88. The operation of cold on a living body, is so different in different circumstances, as to be of difficult explanation ; it is here, therefore, attempted with some diffidence.

The power of cold may be considered as absolute or relative.

The absolute power is that by which it can diminish the temperature of the body to which it is applied. And thus, if the natural temperature of the human body is, as we suppose it to be, that of 98 degrees of Fahrenheit's thermometer* every degree of temperature less than that, may be considered as cold with respect to the human body; and, in proportion to its degree, will have a tendency to diminish the temperature of the body. But as the living human body has in itself a power of generating heat, so it can sustain its own proper heat to the degree above mentioned, though surrounded by air or other bodies of a lower temperature than itself; and it appears from observation, that, in this climate, air, or other bodies applied to the living man, do not diminish the tem. perature of his body, unless the temperature of the bodies applied be below 62 degrees. From hence it appears, that the absolute power of cold in this climate, does not act upon the living human body, unless the cold applied be below the degree just now mentioned. ?

It appears also, that the human body's being surrounded by air of a lower temperature than itself, is necessary to its being retained in its proper temperature, of 98 degrees : for, in this climate, every temperature of the air above 62 degrees, applied to the human body, though still of a lower temperature than itself, is found to increase the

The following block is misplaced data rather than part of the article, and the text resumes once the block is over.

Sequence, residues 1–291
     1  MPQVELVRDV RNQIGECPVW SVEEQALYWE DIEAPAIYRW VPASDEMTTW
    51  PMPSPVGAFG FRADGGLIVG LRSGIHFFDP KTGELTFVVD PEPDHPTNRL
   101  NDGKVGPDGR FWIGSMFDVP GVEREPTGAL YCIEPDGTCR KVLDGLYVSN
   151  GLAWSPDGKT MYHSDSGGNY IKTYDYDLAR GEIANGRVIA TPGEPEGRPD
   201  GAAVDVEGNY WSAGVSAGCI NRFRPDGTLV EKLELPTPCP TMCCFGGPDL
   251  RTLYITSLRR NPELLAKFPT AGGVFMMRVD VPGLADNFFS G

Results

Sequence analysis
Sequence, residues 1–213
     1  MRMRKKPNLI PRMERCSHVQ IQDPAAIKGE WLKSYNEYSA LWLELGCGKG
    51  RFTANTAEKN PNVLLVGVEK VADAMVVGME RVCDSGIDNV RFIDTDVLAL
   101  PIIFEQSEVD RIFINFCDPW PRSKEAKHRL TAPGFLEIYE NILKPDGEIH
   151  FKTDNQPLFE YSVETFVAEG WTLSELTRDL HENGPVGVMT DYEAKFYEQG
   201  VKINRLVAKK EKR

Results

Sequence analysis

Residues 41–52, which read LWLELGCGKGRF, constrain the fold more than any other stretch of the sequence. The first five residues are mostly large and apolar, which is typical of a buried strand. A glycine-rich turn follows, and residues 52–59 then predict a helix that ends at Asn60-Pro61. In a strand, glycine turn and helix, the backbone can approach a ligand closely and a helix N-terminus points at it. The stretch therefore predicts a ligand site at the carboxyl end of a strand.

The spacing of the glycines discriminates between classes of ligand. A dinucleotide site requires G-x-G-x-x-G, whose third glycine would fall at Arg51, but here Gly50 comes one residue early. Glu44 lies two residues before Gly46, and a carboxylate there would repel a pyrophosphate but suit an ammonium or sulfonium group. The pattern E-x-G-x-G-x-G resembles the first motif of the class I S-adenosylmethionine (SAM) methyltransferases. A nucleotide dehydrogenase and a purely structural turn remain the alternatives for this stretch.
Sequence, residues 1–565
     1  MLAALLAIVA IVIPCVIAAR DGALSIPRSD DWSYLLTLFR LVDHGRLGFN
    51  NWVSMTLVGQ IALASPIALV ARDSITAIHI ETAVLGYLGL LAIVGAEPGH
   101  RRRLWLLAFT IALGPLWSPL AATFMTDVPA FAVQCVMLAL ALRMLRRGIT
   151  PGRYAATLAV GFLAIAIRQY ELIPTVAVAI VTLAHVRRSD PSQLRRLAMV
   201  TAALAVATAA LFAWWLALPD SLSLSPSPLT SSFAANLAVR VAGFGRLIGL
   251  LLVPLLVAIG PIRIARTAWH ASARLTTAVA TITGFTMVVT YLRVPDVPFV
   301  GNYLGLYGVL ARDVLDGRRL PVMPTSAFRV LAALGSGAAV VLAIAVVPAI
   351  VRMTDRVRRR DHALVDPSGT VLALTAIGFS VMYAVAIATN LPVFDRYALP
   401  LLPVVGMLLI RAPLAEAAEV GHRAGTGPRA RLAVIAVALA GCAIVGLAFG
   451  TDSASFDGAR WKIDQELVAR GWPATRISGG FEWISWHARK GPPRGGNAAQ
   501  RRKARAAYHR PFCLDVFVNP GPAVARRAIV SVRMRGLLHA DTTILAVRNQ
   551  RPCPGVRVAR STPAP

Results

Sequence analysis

* In every instance of our mentioning degrees of heat or cold, we shall mention' them by the degrees in Fahrenheit's ' scale ; and the expression of higher or lower shall always be according to that scale.

heat of it. And from all this it appears, that the absolute power of cold with respect to the human body, is very different from what it is with respect to inanimate bodies.

- 89. The relative power of cold with respect to the living human body, is that power by which it produces a sensation of cold in it; and with respect to this, it is agreeable to the general principle of sensation, that the sensation produced is not in proportion to the absolute force of impression, but according as the new impression is stronger or weaker than that which had been applied immediately before. Accordingly, with respect to the temperature, the sensation produced by any degree of this, depends upon the temperature to which the body had been immediately before exposed; so that whatever is higher than this feels warm, and whatever is lower than it feels cold; and it will therefore happen, that the opposite sensations of heat and cold, may, on different occasions, arise from the same temperature, as marked by the thermometer.

With respect to this, however, it is to be observed, that though every change of temperature gives a sensation of cold or heat, as it is lower or higher than the temperature applied immediately before, the sensation produced is in different cases of different duration. If the temperature at any time applied is under 62 degrees, every increase